(Inside Science) -- When a drop of liquid hits a solid surface, the liquid will do one of two things: flatten like a pancake or launch a halo of droplets into the air. It's a surprisingly complex and difficult-to-predict event.
The secret is in the air. By taking into account the gas surrounding the drop, researchers find that they can calculate just how fast a drop can travel without splattering when it hits. A new study suggests that after the drop strikes a solid surface, a tiny cushion of air carries along its edge as it spreads. The air provides lift like on an airplane wing and flings away droplets from the drop's edge.
Videos courtesy of Guillaime Riboux and José Manuel Gordillo
"People have been working on this problem since the end of the 19th century," said José Manuel Gordillo, a mechanical engineer who studies fluid dynamics at University of Seville in Spain and coauthor of the study. "There was a big controversy about the physics behind the condition that determines the splash."
English physicist Arthur Mason Worthington pioneered the use of high-speed photography to capture images of mercury drops as they spread, splashed and beaded up on glass in the 1890s. But neither he, nor the physicists who built on his work during the following century, considered the effects of the atmosphere. These experiments suggest that splashing depends on the size and speed of the drop, how easily the liquid flows, and its density.
In 2005, Sidney Nagel and his colleagues at the University of Chicago renewed interest in this classic problem when they made high-speed video recordings of falling drops in different atmospheres. They found that drops don't splash in a vacuum. Researchers then began trying to explain how the surrounding gas contributes to the splash.
Gordillo and his colleague at the University of Seville, Guillaume Riboux, put all the pieces together into a single mathematical model, in a paper that appeared online on July 11 in Physical Review Letters.
"Until now, people were looking at one aspect of the problem, but not really to the entire problem itself," said Christophe Josserand, a physicist affiliated with the Institut d'Alembert, the French National Centre for Scientific Research and the Pierre and Marie Curie University in Paris, France, who was not involved in the research. "[The researchers] try to really describe the mechanism that leads the splashing and how the air can be important," he said.
They recorded video of drops of eight different liquids hitting a dry glass microscope slide at different speeds. They then compared the physical measurements from the recordings to calculations predicting the drop's behavior to see if they agreed.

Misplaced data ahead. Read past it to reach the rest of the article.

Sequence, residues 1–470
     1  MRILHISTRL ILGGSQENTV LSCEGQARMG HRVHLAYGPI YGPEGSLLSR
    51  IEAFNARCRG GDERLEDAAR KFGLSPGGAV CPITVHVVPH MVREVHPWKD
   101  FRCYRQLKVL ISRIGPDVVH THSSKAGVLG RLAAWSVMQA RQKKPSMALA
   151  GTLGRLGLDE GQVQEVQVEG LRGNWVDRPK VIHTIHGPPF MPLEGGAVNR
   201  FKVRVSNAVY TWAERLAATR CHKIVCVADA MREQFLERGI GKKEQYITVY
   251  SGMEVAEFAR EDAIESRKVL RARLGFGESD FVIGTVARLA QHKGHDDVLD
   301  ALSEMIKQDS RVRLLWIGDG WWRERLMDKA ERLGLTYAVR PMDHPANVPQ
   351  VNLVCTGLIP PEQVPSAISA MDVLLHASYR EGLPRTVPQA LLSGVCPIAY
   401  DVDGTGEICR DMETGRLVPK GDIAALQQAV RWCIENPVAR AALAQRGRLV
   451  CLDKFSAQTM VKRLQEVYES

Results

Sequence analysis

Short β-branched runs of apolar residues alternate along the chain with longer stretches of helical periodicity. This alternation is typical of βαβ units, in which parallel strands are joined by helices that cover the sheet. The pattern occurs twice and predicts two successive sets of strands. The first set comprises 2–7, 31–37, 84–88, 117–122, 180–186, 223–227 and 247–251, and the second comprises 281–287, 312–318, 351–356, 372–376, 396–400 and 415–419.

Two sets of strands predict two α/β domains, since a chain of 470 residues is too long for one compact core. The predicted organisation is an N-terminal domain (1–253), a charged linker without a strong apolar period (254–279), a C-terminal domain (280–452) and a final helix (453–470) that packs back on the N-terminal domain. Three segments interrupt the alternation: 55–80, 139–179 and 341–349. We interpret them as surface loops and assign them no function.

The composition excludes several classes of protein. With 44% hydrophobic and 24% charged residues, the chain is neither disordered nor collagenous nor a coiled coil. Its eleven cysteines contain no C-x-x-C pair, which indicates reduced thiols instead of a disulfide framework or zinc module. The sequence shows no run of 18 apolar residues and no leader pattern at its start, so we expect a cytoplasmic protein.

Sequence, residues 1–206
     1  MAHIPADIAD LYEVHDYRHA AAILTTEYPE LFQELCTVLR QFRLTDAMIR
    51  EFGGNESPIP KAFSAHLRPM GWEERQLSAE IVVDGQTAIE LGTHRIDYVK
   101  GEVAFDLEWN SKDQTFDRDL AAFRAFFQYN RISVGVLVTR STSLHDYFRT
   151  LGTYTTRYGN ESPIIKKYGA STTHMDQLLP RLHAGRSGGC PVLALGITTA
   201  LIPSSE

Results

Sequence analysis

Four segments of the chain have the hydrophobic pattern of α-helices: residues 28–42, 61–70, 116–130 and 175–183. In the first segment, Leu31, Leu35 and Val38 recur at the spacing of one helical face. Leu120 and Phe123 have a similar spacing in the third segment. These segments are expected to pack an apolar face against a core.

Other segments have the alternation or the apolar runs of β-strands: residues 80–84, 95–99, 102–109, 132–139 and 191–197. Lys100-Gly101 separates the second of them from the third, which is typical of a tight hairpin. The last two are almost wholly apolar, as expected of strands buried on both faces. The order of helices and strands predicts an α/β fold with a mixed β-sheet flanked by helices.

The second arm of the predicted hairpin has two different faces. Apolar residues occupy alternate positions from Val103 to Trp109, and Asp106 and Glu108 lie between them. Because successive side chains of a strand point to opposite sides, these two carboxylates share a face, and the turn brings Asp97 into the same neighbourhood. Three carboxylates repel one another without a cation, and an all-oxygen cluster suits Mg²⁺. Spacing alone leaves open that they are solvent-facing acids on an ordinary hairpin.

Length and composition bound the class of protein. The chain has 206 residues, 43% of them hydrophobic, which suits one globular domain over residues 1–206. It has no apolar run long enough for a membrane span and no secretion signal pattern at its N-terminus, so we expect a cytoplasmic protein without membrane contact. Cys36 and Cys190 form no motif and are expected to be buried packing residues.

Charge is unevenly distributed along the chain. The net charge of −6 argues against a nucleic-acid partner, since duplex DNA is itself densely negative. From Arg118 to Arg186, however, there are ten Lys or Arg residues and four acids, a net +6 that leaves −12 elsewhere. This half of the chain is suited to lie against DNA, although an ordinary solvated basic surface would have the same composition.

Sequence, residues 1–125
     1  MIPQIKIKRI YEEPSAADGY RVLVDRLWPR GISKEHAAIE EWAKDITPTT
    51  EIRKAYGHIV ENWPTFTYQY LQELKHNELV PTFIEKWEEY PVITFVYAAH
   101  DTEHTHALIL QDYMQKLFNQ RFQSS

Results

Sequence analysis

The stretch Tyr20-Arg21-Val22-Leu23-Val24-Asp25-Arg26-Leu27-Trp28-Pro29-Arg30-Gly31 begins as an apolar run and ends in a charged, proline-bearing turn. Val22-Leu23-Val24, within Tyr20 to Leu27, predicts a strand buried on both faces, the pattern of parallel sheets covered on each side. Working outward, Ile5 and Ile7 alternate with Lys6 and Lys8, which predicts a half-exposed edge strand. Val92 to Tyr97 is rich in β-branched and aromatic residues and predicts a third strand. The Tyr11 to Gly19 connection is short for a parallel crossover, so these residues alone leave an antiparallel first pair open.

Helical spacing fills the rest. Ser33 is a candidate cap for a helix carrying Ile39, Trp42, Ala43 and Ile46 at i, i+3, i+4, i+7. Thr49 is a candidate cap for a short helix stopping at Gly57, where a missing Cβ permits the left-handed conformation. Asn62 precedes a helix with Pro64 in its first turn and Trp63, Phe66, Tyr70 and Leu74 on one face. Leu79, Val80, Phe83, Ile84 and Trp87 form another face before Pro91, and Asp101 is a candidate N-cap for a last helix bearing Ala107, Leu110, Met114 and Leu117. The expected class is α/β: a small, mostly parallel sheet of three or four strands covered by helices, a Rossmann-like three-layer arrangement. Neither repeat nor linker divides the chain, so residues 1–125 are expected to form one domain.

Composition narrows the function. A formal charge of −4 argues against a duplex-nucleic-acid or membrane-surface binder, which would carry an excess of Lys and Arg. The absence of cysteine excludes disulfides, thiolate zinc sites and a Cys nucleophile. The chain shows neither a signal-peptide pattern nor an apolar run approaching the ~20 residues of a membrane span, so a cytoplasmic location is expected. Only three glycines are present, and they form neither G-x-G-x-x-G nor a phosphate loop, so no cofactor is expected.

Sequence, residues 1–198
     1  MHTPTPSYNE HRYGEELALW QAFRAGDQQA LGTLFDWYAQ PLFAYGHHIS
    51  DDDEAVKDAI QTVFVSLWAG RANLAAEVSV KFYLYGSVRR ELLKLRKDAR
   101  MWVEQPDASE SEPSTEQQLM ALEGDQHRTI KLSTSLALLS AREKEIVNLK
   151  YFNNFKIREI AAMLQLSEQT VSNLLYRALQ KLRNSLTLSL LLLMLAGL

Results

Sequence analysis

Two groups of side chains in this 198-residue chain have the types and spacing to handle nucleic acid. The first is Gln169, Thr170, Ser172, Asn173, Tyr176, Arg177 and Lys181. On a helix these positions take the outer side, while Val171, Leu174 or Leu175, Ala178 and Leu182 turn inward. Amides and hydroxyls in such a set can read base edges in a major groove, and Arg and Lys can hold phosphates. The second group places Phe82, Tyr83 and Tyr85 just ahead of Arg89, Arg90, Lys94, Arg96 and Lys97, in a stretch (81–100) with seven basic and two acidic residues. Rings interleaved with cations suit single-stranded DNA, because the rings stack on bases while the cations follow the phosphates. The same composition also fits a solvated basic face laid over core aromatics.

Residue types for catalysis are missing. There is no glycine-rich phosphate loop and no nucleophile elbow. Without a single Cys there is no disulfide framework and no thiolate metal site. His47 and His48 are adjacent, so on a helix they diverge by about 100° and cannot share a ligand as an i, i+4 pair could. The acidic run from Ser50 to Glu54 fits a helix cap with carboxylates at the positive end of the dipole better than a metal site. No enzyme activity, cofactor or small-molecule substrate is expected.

The videos showed that when a drop first hits a hard surface, a very thin layer of liquid begins spreading outwards, driven by the momentum of the drop. But the surface tension of the liquid pulls back on the layer, as it tries to keep the drop together. If the layer is thick enough and moving slowly, then the drop will simply spread out along the surface.
But if the leading edge of the layer is thin and moving quickly, it flows over a small layer of air beneath it. This air provides lift to the leading edge of the liquid layer in the same way that air buoys an airplane wing. The lift makes the liquid layer unstable, and if it is great enough, creates waves, which overcome the surface tension and shoot out the droplets of water in a ring around the drop.
"In the end, it's as simple as aerodynamic takeoff -- a plane taking off the ground," said Gordillo.
At these miniscule scales, another factor comes into play, which previous researchers had not fully explored: the mean free path of the air. The mean free path is the average distance that a molecule travels inside the gas before hitting another molecule. Since molecules of gas do not all move in the same direction as the gas flow -- but instead bounce off each other -- the mean free path affects the speed of the air, which influences how much lift it provides to the edge of the liquid layer.
By accounting for the mean free path of the gas, the researchers could make accurate predictions, which agreed with their measurements of the falling drops, and the measurements of other researchers. Using the model, the researchers can calculate the top speed that a drop can travel without breaking apart on landing. These calculations may have applications for faster, sharper inkjet printing. Inkjets shoot droplets of ink onto a page, but if the drops hit too fast, there can be splatter, which muddies the printing. But no one wants to wait for a slow printer. These findings could lead to faster, cleaner printouts.
On the opposite side of the problem are combustion engines. To get efficient combustion, engines need tiny droplets with more splashing so that the fuel will mix effectively with oxygen.
Forensic science may also benefit from the model. By looking at the shape of a blood drop, crime scene investigators can estimate how fast the blood travelled when it hit and then calculate the height from which it fell, said Gordillo.
In future work, the researchers will study splattering on surfaces that are rough or absorbent, instead of smooth glass.
Patricia Waldron (@patriciawaldron) is a news intern at Inside Science.